SAN MATEO -- It started more than two decades ago as a lark, a spoof by two Peninsula residents of the Tour de France, the world's most prestigious cycling competition.
Instead of a grueling race squeezed through the stunning French Alps, their version -- dubbed the Tour de Peninsula -- is a family-friendly ride designed for anyone who would enjoy cycling around scenic San Mateo County.
"It's not a race, it's a ride," co-founder Mark Simon said. On Sunday morning, Simon and tour co-founder Rick Sutton hoped the 1,350 enthusiastic cyclists gathered at Coyote Point Park to tackle one of four routes would remember their other simple mantra: no pain, no pain.
Eleven-year-old Joshua Oh of San Mateo missed that entirely.
"It was easy in the beginning, then it was hard in the middle because there were more hills," a relieved Joshua said after he'd finished a 20-mile-route alongside his father, Lei Oh, an engineer and avid cyclist.
"My thigh started hurting when I was going up the hill," young Oh said of the ride that featured a short, steep section along Sawyer Camp Trail and one near Crystal Springs Reservoir.
But the boy, who was treated to oranges and Gatorade at rest stops along the way, said he'd do it all over again next year.
"It was fun," Joshua said with a smile that spread across his sweat-soaked face. "I liked it."
Youngsters to seniors pedalled along routes of 20, 31, 56 or 63 miles on a day that began just after dawn under overcast skies that later turned sunny.
The annual event is a fundraiser for the San Mateo County Parks Foundation. The money is used to pay for Bicycle Sunday, car-free biking on Cañada Road for most of the year, said Julia Bott, the foundation's executive director.
On Sunday, Bott said, three people suffered minor injuries after falling from their bikes, including one person who broke a finger. Two others were injured after finishing the ride but still riding around the area. One sustained minor bumps and bruises and another a head injury, and though conscious, was taken to a hospital.
At noon Sunday, after the "adult" rides were completed, kids 11 and younger were led on much shorter rides (the option seemed to surprise Joshua Oh), by several former U.S. Olympic athletes who had returned from their different routes where they had volunteered as ambassadors to help riders.
During his 20-mile-route, a lean and fit Otto Hofmann, 82, was proud to say he had been able to keep up with that elite group for about a quarter of the route.
"Not too bad for an 82-year-old," said the Millbrae resident, a retired technical instructor for Mercedes-Benz mechanics who has participated in the event for several years.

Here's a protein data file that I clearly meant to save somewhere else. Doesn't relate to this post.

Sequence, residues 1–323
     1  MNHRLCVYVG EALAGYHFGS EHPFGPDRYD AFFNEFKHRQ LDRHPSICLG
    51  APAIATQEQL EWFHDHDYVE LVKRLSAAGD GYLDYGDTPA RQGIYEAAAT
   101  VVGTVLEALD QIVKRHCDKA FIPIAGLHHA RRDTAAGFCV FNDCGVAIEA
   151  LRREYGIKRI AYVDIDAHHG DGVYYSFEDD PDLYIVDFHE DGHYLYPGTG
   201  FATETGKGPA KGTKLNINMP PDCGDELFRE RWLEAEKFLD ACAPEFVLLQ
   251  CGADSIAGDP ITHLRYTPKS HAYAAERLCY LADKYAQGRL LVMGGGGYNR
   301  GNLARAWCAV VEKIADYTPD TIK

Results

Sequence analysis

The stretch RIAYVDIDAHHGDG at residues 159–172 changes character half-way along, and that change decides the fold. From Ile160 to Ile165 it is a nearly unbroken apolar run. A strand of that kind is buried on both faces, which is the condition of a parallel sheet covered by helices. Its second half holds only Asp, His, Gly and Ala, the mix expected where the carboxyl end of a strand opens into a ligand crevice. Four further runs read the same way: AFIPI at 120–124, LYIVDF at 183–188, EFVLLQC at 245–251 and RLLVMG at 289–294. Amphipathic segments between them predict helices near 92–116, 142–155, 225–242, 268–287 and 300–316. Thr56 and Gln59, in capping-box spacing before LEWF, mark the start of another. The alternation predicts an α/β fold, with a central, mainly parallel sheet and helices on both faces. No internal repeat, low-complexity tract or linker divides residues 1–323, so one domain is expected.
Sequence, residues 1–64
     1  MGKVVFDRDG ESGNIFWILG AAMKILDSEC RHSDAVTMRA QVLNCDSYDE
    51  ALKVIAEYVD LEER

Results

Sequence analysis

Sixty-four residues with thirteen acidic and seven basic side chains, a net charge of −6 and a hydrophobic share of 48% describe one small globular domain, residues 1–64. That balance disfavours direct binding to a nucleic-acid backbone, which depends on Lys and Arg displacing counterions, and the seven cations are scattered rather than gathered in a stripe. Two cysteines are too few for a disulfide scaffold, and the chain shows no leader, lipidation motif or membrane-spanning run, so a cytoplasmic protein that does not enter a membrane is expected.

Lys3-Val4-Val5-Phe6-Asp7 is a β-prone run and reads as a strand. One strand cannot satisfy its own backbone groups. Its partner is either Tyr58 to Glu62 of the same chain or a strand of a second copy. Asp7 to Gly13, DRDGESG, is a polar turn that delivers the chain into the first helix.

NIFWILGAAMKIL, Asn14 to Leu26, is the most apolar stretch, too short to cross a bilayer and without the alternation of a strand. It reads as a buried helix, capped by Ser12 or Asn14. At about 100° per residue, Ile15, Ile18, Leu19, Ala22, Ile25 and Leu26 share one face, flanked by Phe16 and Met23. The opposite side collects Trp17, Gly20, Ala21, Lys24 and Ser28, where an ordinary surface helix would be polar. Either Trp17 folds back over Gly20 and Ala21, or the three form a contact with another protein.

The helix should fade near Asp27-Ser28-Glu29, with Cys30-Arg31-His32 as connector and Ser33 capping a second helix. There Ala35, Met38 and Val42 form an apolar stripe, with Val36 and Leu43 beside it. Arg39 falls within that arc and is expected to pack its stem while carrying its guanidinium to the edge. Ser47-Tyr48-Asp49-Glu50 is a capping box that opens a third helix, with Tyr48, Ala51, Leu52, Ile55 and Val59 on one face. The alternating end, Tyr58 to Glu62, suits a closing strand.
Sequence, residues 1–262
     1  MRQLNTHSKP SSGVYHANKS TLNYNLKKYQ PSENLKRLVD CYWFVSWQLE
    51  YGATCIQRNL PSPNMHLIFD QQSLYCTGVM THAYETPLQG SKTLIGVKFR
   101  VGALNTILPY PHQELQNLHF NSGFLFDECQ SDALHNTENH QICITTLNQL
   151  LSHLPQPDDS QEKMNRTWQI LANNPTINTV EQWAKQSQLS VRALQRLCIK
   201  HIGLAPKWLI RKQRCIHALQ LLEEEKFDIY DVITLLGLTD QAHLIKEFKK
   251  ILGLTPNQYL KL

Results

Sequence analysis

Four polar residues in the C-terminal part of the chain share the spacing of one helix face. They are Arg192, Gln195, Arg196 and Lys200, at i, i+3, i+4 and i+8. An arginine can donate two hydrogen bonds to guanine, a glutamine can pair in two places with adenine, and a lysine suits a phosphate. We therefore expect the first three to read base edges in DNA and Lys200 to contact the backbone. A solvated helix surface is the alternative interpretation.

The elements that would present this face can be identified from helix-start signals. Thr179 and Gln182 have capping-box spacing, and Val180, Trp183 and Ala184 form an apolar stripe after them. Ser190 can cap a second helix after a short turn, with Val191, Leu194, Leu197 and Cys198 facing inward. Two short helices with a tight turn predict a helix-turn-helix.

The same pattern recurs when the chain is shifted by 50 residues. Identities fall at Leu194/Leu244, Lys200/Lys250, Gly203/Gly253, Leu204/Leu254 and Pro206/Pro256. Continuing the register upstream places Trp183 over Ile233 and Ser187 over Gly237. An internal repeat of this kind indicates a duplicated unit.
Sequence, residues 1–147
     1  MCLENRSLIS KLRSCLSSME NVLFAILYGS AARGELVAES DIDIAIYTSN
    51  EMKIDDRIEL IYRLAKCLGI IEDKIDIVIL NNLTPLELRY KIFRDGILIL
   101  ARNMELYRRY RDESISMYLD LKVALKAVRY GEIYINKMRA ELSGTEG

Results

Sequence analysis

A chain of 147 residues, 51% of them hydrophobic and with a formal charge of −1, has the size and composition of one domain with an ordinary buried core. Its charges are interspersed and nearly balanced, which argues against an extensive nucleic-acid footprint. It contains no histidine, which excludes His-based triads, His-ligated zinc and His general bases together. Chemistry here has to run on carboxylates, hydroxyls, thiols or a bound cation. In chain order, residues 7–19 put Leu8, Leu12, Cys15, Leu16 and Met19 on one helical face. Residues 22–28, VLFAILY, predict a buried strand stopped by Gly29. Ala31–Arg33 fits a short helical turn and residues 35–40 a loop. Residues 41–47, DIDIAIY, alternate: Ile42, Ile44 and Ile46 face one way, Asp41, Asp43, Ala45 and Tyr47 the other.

His 75-year-old wife, Trudi, joined him for the last 8 miles, which meant she missed the riders' quick stop at a home near Crystal Springs Reservoir where for the past few years the residents have offered riders espresso, cookies and orange juice.
"I think I was the oldest person here," Otto Hofmann said, looking around after finishing his ride. By comparison, he quipped of his wife, "She's a youngster."
Hofmann and several others said they were impressed by how well the event was organized, and how well-marked the courses were.
Santa Clara County Supervisor Ken Yeager agreed.
"It's almost impossible to get lost," said Yeager, relaxing after completing the 20-mile-course, part of his training for the upcoming Tough Mudder obstacle course and mud run in Tahoe this month.
"Sometimes, when you're biking in an area you don't know very well, you make the wrong turn and you can get off course. It's very well organized," said Yeager, who completed his ride in about 90 minutes.
"I'm too far back in the pack to worry about my time," said a laughing Yeager. "This is mostly about fun."
Surveying the finish line, event co-founder Sutton said that is exactly what he and Simon, a former Peninsula Times Tribune and San Francisco Chronicle columnist, said inspired the event, which hands out an annual "Dirty Shirt" to each cyclist, complete with brown-printed mud spots inked on the back of the T-shirt.
"Especially here in the valley, people are always pursuing greatness," said Sutton, a successful entrepreneur. "They are pushing for success without stopping to enjoy themselves and the area we live in. This event is about enjoying one another and the beauty that surrounds us."
Mountain View resident James Mattis, 41, a former World Masters champion in cycling, was on hand to help cyclists and also show off a cellphone app he developed that helps cyclists, runners, hikers and walkers track their routes. If the ride was a race, the winner, he said, would be "the person who had the best day."